Most of the recently moved lawsuits alleging violations of a New Jersey judicial privacy law should be moved back to state court since the plaintiffs and defendants reside in the Garden State, the data privacy company behind the first-of-their-kind cases has told a New Jersey federal judge.

  • May 03, 2024

    Freddie Mac, Insurer Settle $32M SEC Probe Coverage Dispute

    Government-backed lender Freddie Mac told a Washington, D.C., federal court Friday that it has settled with an insurer in a $32 million coverage suit stemming from civil actions and federal probes around its collapse during the 2008 global financial crisis.

  • May 03, 2024

    Opendoor Says NAR Settlement Should Aid Growth Efforts

    Leadership for Opendoor Technologies Inc. said they expect the online home-selling platform will benefit from the recent proposed legal settlement involving the National Association of Realtors as they expressed confidence in plans to "rescale" their business this year, while discussing the release of its first-quarter earnings.

  • May 03, 2024

    Realtors Set Aug. Launch Of Broker Fee Changes After Verdict

    The National Association of Realtors on Friday said it has adopted a series of policy changes that go into effect Aug. 17 under a settlement to avoid a jury verdict finding the trade group's rules compelled home sellers to pay inflated commissions.

  • May 03, 2024

    Judge Says Lender Can't Escape CFPB's Loan Data Suit

    A Florida federal judge has refused to dismiss the Consumer Financial Protection Bureau's suit accusing mortgage servicer and lender Freedom Mortgage Corp. of violating federal law by submitting inaccurate government mortgage loan data.

  • May 03, 2024

    Brothers Accuse Cos. Of Mishandling $1.1M EB-5 Investments

    Two brothers from India sued companies behind a combination residential-resort project they invested in under the EB-5 investor visa program, telling a Florida federal court that their green card petitions were denied because the companies mishandled their $1.1 million investment.

  • May 03, 2024

    Akerman Hires Miami-Dade Atty As Chair Of Land Use Team

    Akerman LLP hired Dennis A. Kerbel, a veteran Miami-Dade County, Florida, government attorney, as the new chair of its land use and entitlements team in its Miami office, the firm announced.

  • May 03, 2024

    Stockbridge Real Estate Fund Raises $709M

    San Francisco-based Stockbridge Capital Group said Friday that it had closed on a real estate investment fund with $709 million in commitments last month, the largest in its history.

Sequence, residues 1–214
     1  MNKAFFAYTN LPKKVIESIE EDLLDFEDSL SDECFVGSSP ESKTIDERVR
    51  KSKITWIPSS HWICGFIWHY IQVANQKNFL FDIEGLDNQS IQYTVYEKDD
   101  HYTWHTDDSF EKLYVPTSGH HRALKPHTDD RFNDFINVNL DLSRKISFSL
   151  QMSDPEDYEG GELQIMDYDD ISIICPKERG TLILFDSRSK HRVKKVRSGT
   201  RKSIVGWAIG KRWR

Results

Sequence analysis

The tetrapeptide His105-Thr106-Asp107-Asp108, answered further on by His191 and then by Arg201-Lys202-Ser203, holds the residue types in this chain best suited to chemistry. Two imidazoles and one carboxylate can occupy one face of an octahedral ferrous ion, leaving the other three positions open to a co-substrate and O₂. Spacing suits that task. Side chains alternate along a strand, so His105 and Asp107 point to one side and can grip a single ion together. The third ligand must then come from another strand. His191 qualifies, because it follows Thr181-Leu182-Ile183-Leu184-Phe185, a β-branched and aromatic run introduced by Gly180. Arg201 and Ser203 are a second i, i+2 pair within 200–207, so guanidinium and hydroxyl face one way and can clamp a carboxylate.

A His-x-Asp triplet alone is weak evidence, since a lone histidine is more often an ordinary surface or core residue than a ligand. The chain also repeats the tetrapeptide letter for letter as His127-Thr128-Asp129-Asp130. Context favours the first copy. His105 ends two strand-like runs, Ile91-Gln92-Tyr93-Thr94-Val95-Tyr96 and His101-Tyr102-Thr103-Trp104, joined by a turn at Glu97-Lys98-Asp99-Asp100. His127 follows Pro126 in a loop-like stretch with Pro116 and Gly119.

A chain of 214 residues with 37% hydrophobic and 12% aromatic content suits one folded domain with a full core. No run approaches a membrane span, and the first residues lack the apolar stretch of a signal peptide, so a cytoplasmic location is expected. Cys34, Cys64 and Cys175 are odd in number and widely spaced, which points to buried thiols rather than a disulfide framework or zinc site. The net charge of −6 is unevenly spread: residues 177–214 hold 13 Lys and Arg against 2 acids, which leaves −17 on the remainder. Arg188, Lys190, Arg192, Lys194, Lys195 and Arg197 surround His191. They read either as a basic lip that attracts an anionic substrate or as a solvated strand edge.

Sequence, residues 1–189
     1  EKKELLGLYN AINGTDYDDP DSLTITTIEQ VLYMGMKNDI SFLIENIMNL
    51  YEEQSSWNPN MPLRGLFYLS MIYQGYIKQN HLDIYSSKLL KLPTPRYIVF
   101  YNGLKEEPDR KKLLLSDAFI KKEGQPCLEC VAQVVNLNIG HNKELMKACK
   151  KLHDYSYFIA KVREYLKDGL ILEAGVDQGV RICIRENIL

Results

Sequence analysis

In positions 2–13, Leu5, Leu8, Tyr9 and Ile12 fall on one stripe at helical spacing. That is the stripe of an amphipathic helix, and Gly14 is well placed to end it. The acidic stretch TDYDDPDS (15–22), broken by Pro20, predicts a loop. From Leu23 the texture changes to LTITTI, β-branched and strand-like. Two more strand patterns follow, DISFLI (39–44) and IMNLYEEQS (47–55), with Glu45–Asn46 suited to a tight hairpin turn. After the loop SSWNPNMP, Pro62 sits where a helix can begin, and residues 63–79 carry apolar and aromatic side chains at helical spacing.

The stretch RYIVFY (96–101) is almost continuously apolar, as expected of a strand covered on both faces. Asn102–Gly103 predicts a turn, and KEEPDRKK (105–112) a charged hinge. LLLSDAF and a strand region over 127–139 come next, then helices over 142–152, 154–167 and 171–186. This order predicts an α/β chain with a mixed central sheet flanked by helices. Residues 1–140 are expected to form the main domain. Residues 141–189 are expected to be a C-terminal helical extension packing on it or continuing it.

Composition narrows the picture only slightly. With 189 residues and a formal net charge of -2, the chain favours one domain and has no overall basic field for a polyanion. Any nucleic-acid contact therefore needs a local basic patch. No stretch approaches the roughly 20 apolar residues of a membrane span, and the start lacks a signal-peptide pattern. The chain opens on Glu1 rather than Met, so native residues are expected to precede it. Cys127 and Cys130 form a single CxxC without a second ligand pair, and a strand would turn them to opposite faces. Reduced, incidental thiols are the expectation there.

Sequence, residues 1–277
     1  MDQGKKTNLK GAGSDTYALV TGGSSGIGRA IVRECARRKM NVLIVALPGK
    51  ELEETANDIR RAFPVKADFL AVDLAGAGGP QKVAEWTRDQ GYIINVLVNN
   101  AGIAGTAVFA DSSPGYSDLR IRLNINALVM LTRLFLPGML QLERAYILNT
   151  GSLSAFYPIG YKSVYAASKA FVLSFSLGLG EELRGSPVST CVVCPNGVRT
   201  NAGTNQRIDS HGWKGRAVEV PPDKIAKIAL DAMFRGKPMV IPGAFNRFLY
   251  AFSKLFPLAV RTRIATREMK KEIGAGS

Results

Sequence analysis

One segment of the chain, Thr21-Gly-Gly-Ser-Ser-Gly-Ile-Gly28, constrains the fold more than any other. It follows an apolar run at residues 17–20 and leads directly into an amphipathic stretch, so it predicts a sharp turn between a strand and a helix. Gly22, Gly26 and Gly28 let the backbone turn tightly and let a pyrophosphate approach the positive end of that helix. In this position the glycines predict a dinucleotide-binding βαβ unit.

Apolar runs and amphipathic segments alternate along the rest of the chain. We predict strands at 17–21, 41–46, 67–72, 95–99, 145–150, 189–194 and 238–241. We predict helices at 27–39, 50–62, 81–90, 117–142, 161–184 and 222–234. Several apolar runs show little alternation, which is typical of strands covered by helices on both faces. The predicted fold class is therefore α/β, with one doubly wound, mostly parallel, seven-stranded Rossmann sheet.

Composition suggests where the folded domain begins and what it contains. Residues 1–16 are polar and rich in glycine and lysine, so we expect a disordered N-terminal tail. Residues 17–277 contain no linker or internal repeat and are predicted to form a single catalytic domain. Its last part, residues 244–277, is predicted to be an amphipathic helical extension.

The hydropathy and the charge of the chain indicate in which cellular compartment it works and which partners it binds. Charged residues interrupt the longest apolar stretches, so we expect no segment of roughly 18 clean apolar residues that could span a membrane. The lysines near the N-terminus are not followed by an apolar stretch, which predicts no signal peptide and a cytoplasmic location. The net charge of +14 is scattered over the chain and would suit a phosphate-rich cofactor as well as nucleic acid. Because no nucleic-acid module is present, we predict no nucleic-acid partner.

• May 02, 2024

    USAA Wrongly Denied Fire Damage Claim, Wash. Couple Says

    A Washington couple accused their homeowners insurer of unreasonably denying their fire damage claim despite their timely response to all of the insurer's claim inquiries and requests, further accusing the insurer of violating Washington's Consumer Protection Act and Insurance Fair Conduct Act.

  • May 02, 2024

    Kushner-Owned Co. Owes $15M For Scrapped Apartment Deal

    A New Jersey appeals panel has ordered a company owned by Kushner Cos. LLC to pay $15 million to real estate sellers in a $186 million deal that fell apart during the COVID-19 pandemic.

  • May 02, 2024

    Split Conn. Supreme Court Says No To 'Ratio' Utility Bills

    In a rare 4-3 opinion, the Connecticut Supreme Court on Thursday ruled that a corporate landlord cannot use a ratio utility billing system to divide monthly costs among units not equipped with precise individual meters, stressing a legislative policy of protecting tenants from fluctuating fees beyond their immediate control.

Expert Analysis

  • How Calif. Video Recording Ruling May Affect Insured Exams

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    A recent California appellate decision, Myasnyankin v. Nationwide, allowing policyholders to video record all parties to an insurance examination under oath, has changed the rules of the road for EUOs and potentially opened Pandora's box for future disputes, say John Edson and Preston Bennett at Sheppard Mullin.

  • Unpacking FinCEN's Proposed Real Estate Transaction Rule

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    Phil Jelsma and Ulrick Matsunaga at Crosbie Gliner take a close look at the Financial Crimes Enforcement Network's recently proposed rulemaking — which mandates new disclosures for professionals involved in all-cash real estate deals — and discuss best next steps for the broad range of businesses that could be affected.

  • Texas Insurance Ruling Could Restore Finality To Appraisal